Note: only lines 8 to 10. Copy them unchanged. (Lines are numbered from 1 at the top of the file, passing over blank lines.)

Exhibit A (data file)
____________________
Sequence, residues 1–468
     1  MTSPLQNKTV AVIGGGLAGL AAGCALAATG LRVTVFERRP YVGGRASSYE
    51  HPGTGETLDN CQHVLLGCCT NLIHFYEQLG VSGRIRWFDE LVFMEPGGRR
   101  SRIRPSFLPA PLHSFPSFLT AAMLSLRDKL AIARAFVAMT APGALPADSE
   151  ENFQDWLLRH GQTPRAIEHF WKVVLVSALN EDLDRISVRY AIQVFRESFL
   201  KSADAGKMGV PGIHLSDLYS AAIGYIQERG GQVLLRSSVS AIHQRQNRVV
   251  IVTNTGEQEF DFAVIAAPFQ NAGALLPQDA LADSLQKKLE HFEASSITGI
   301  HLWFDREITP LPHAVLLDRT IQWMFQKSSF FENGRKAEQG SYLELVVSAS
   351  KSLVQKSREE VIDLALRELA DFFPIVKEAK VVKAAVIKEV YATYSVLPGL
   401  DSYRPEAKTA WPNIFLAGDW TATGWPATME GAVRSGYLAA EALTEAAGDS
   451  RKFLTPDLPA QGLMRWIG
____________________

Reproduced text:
   301  HLWFDREITP LPHAVLLDRT IQWMFQKSSF FENGRKAEQG SYLELVVSAS
   351  KSLVQKSREE VIDLALRELA DFFPIVKEAK VVKAAVIKEV YATYSVLPGL
   401  DSYRPEAKTA WPNIFLAGDW TATGWPATME GAVRSGYLAA EALTEAAGDS